Mandevilla is a genus of flowering perennial vines that were once known as Dipladenia. This name is now considered incorrect by botanists, but is still sometimes used as a synonym for mandevilla. Well-known for its attractive flowers, foliage and stems, the mandevilla plant is a popular climbing garden plant throughout the United States.
Mandevilla is beloved for its showy white, yellow, pink or red flowers that appear in spring, summer and fall. The trumpet-shaped blossoms typically have white or gold throats and can reach up to 4 inches in width. Mandevilla flowers are borne on fuzzy, twining stems that also support attractive evergreen foliage throughout the year. The dark-green leaves have a glossy, leathery appearance and can reach up to 8 inches in length. The entire mandevilla plant can grow up to 20 feet in height, depending on the species.
The mandevilla plant is most popular for growing on trellises, fences, screens, posts, lattice, porches or anywhere else it can climb. The vine also performs well in containers, however, and can be grown in pots to overwinter indoors in cooler climates. Some gardeners prefer to grow mandevilla as a houseplant, where it will flourish when given the proper environmental conditions.
There are three primary types or species of the mandevilla plant, all of which vary slightly in appearance. Mandevilla 'Alice du Pont' is a woody evergreen popular for growing in hanging baskets with pink flowers that appear in spring through fall. Mandevilla 'Laxa,' also known as Chilean Jasmine, is a woody deciduous vine with fragrant white flowers that appear on new growth. Mandevilla 'Splendens' is also evergreen with pale pink flowers that darken into a deep rose color with age.
In addition to the three species of the mandevilla plant, there are also three different cultivars available. These include 'Red Riding Hood,' which boasts dark red flowers, 'Summer Snow,' which produces sparkly white flowers, and the cultivar known simply as 'Yellow' for its bright yellow flowers. Yellow mandevilla has a more compact, shrubby growth habit than other types and is commonly grown in containers and hanging baskets.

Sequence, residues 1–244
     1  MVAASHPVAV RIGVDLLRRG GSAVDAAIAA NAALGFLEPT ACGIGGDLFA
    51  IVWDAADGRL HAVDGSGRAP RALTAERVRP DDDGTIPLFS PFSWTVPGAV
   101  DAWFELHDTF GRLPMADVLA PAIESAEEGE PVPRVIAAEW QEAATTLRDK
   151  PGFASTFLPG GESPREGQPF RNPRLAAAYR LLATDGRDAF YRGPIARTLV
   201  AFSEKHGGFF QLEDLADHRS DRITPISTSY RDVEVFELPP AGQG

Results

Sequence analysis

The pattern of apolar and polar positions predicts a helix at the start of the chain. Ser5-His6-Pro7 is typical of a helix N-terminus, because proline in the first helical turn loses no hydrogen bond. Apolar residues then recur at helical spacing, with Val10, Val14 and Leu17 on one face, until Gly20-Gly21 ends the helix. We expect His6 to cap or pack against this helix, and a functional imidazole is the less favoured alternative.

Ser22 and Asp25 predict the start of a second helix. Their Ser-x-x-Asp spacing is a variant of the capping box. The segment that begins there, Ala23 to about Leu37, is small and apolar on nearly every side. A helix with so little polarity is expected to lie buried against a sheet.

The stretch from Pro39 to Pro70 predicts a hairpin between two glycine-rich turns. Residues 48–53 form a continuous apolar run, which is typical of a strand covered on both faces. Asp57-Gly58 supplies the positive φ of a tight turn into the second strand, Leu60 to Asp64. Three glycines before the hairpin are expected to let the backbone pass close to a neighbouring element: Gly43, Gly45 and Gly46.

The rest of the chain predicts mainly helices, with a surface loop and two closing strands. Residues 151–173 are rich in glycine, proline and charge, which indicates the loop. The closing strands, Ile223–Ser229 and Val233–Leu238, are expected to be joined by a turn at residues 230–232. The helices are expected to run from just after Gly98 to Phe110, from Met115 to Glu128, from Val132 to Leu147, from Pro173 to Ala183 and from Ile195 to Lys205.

Mandevilla is native to the Central and South American tropics, which explains the plant's need for warm temperatures. It is grown as a garden plant in tropical areas around the world and enjoyed as a container plant in temperate regions. In the United States, the mandevilla plant is winter hardy in zones 9 through 11 only, which means it must be overwintered indoors or grown as a houseplant in most of the country.
When grown indoors, mandevilla plants need indirect sunlight, temperatures of between 60 and 70 degrees Fahrenheit, weekly waterings and bi-monthly feedings with a 10-20-10 NPK fertilizer. When grown outdoors, full sun to partial shade, well-drained soil, weekly waterings and a trellis for support are required. In hardiness zones 8 or above, mandevilla must be brought indoors before temperatures drop below 50 degrees Fahrenheit or allowed to die back in the garden. Pruning is necessary in early spring to remove damaged or crowded stems before new growth begins.
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